If you use Blackboard, once you’ve logged in, you will see that the “Reading Lists” link is on the “Overview” page for each module you’re registered on. See below for reference:

The location of a module’s reading list on Blackboard.

You can also access your reading lists from the Library homepage. Follow this link and click the green “More information for students” button.

If you’re having a technical problem when using your reading list, email: med-reading-lists@ncl.ac.uk and we’ll investigate the problem for you.

What is the STC?

The Student Texts Collection (STC) at the Walton Library.

If you’ve been to the Walton’s service desk asking for a stapler, you may have heard the staff directing you to the STC. STC or Student Texts Collection is a separate room, located next to the printers and the self-issue machine, which contains our high demand texts. Many of these will be essential on your reading lists. These books are available for short loan only – four hours during the day, unless you take them out four hours before the Library closes, when you can loan them overnight (providing you return them before 9:30AM the next weekday and 10:30AM on weekends!)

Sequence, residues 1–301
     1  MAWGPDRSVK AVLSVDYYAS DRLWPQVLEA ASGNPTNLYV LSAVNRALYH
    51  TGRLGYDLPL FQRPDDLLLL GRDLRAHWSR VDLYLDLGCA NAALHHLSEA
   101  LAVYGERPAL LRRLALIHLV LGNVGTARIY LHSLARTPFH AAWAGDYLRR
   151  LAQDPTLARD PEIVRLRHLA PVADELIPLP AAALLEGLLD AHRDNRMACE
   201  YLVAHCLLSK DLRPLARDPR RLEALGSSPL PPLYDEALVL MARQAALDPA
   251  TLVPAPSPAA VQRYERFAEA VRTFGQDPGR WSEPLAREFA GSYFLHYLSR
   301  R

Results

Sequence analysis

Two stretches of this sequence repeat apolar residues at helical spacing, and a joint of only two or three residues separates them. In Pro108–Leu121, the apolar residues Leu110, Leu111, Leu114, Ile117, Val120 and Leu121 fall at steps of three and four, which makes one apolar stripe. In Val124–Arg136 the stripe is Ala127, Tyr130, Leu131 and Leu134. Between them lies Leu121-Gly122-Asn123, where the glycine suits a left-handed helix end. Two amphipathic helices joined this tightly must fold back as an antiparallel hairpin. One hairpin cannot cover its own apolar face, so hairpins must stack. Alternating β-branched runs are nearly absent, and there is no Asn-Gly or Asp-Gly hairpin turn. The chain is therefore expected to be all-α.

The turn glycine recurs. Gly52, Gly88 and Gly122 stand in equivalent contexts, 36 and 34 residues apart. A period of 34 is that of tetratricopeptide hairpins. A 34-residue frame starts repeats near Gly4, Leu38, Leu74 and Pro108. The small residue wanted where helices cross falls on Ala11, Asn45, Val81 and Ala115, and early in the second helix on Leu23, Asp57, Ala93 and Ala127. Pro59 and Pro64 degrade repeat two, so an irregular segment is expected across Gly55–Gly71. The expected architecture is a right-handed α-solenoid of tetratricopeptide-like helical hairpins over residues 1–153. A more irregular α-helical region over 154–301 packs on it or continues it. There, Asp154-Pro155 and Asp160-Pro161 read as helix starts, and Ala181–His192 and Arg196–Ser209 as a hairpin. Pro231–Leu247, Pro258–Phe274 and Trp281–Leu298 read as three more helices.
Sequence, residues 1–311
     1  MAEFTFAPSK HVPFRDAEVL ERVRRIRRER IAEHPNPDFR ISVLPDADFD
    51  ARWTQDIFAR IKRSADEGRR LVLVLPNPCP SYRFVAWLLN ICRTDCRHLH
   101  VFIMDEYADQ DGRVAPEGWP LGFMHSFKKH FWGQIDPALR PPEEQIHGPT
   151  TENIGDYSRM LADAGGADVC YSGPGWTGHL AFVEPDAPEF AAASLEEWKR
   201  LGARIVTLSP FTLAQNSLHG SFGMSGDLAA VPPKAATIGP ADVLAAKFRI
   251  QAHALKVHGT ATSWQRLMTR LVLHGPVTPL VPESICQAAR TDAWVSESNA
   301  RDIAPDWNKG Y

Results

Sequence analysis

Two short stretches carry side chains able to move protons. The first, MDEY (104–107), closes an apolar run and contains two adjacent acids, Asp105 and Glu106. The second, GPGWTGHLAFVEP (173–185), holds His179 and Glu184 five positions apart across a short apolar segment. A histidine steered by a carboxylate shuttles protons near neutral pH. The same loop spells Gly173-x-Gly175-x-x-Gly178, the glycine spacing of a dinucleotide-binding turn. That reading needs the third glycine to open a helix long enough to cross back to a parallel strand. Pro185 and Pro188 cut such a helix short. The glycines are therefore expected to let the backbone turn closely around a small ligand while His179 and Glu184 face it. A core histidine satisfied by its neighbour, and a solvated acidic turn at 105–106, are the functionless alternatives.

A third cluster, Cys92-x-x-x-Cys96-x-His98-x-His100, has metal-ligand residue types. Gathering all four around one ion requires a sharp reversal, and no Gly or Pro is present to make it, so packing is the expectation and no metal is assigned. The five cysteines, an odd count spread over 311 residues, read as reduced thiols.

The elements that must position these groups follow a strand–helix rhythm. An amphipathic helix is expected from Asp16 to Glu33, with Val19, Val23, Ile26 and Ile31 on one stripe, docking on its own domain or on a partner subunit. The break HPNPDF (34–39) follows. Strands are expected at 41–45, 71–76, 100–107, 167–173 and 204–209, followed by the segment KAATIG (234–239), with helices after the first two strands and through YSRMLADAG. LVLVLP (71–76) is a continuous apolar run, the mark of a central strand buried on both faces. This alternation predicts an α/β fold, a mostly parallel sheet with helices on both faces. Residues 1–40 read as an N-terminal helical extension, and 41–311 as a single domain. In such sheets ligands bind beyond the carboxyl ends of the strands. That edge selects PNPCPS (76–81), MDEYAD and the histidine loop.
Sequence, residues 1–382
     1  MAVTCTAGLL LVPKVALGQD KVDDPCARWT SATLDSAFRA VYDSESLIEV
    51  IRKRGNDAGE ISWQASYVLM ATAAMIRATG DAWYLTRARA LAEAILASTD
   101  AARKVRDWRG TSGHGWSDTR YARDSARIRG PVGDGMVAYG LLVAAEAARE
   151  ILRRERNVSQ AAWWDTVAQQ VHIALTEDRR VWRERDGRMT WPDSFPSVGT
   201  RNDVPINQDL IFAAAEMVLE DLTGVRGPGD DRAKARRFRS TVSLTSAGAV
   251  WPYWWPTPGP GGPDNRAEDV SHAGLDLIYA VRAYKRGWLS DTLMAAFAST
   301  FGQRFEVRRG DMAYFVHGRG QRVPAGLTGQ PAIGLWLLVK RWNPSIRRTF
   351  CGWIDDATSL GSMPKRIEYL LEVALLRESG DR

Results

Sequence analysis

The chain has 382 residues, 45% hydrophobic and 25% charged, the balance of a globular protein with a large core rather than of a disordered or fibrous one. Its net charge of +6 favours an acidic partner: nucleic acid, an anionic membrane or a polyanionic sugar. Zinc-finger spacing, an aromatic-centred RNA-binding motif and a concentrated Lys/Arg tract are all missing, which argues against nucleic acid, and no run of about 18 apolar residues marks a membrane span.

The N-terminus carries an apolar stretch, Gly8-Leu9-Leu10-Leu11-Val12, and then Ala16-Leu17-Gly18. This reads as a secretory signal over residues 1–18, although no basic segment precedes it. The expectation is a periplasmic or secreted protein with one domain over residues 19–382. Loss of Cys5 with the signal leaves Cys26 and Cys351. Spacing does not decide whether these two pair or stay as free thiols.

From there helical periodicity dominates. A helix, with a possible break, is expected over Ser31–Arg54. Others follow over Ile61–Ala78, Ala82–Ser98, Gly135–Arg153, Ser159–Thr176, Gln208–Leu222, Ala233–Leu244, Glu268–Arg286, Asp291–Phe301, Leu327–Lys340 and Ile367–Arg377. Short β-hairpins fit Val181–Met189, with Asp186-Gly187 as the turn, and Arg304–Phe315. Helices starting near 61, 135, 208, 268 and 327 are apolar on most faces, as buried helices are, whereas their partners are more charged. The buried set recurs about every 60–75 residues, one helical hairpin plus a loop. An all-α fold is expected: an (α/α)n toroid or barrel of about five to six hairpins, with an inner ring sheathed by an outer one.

These short loan books are perfect if you’re on the go. You can issue one before a lecture and then return it just after! They’re also ideal if you only need to use a short section of a book: you can copy up to one chapter or 10% of a book (whatever is greater) using the photocopier.

How does it work?

Just like long loan items, STC books are on Library Search. However they can’t be reserved if all the copies are out on loan. STC books need to be checked out and returned from your account using the self-issue machine in the STC room.

STC books are listed separately on Library Search.

If you have any further queries about the STC, you might want to check out our Library FAQs here. Desk staff at the Walton can also be called upon to lend a hand if you’re stuck.

Three Steps to Getting the Most from EndNote

Someone walking up metal staircase